You might think “So what? Why would I want to work with my enemy?” but you’d obviously be more effective if you could work with them rather than against them, given the stalemate we have today.
The pro-life movement wants no abortions and the pro-choice movement wants to keep them as an option, but there is common ground. Both would like to see fewer unwanted pregnancies. An unwanted pregnancy prevented is far cheaper, safer, and easier than one treated with an abortion. Fewer unwanted pregnancies mean less demand for abortions (which makes pro-life advocates happy), and that means less pressure to restrict abortions (which makes pro-choice advocates happy).
The pro-life movement’s focus on the wrong thing—the symptom of abortion rather than the problem of unwanted pregnancy—is so flawed that it looks deliberate. It’s like someone wants there to be conflict, to prevent people coming together and making progress on the real problem.
(More on who that might be in the next post.)
Problem 4: Children will become sexually mature, whether you like it or not
Christian pundit James Dobson said about the recent decision by the Texas state board of education to focus sex ed on abstinence:
Activists groups like Planned Parenthood and its morally bankrupt allies were salivating at the chance to eliminate abstinence-based teaching once and for all and replace it with a not-suitable-for-children indoctrination program. If they got their way, 11 and 12-year-olds would spend classroom time learning about gender identity, condom use and other highly sexualized topics.
By “11 and 12-year-olds,” I assume you mean “children who are about to become sexually mature.” Yes, they need to understand how their bodies will soon work.
Imagine a world where every teenager got a car, and you couldn’t prevent that. They would be eager to drive their cars, and all you as a parent could do would be to put up constraints and educate them so that when they left your house as adults, they would be responsible drivers.
Wouldn’t you want them to get driver’s ed?
In our world, people are getting married later and sexually maturing sooner. In the U.S., women are marrying on average at age 27 and men at age 29. Onset of puberty is now 10–11 for girls and a year later for boys (about five years earlier than it was in the 1800s). The process is complete about five years later.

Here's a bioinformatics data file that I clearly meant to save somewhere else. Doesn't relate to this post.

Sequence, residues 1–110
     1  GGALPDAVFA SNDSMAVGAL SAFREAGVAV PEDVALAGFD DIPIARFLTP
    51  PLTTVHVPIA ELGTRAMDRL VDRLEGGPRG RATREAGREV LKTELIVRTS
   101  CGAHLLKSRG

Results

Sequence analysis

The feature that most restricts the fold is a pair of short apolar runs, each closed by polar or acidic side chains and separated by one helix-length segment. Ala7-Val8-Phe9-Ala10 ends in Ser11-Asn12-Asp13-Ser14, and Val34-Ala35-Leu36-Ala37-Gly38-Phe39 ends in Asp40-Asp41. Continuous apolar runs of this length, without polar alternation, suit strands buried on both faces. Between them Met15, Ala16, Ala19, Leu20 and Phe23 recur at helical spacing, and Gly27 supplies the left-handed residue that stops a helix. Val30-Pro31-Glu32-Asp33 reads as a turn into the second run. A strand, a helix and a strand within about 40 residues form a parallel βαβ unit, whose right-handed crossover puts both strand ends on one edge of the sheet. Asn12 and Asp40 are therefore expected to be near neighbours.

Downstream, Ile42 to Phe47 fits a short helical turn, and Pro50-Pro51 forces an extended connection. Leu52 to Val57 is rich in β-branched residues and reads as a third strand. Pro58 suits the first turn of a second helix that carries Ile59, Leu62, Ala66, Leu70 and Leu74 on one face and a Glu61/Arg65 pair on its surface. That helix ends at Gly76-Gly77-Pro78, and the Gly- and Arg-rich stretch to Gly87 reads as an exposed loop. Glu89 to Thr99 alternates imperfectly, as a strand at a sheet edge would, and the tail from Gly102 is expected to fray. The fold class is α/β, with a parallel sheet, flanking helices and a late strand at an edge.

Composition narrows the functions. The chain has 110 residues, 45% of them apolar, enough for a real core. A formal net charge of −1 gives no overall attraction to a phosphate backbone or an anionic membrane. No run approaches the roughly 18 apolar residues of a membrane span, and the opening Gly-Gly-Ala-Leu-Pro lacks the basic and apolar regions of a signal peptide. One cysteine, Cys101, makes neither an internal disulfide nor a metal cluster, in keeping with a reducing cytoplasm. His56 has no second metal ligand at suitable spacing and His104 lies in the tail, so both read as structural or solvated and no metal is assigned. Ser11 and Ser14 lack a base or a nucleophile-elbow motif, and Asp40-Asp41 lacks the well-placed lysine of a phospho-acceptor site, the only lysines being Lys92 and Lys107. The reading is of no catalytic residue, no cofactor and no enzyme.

That’s a given, and your only option is how to respond. “Wait until marriage” won’t work for everyone. It’s particularly naive given the many years typically between sexual maturity and marriage. Wouldn’t you want them to get driver’s ed?
Problem 5: Making abortion illegal doesn’t prevent abortions
Remember Kermit Gosnell? He ran a filthy abortion clinic in Philadelphia that focused on illegal late-term abortions and was sentenced to life in prison in 2011. Though they may not realize it, this is pro-life advocates’ goal. When safe, legal abortion is unavailable or inconvenient, it will be performed in unsafe, illegal clinics. One of Gosnell’s patients said about the closest Planned Parenthood clinic, “The picketers out there, they just scared me half to death.”
We’re seeing the beginnings of this today. A recent study of the restrictive climate in Texas, where more than half of abortion clinics have closed, has found that seven percent of patients seeking abortion tried to end the pregnancy on their own rather than jump the obstacles to get to a clinic. That’s more than three times the national average. The restrictions in Texas have also made late-term abortions increase.
Reliable data about the abortion rate before the 1973 Roe v. Wade decision made abortion legal nationwide is hard to find, but it appears that about 800,000 abortions were performed per year. That’s roughly the rate today. With our substantially higher population, that means the abortion rate was higher before Roe.
We find the same thing in other countries. Abortion rates are highest in countries where the procedure is illegal. No, making abortion illegal won’t make it end.
Problem 6: Obstacles erected for abortion clinics won’t work against medication abortions
Nuisance regulations like demanding that clinics have wide corridors or that their doctors have hospital admitting privileges (as Texas has imposed) will become less relevant. Medication abortions are abortions done by pills rather than an operation, and the U.S. Food and Drug Administration approved this treatment twenty years ago. For abortions up to ten weeks’ gestation, the majority are done this way in the U.S., and that fraction is increasing.
Regulations about corridor width won’t matter if the abortion can come through the mail. Prescription drugs already come into the U.S. illegally from countries with cheaper prices. The tighter the controls on bricks-and-mortar clinics, the more demand for safe medication abortions will increase.
Let’s find solutions to these problems and find ways to make the pro-life movement effective. Continue with: Most U.S. Abortions are Due to Pro-Life Movement
wouldn’t lower abortion rates.”
Explain to me how making drugs illegal
didn’t lower drug use rates.
— commenter adam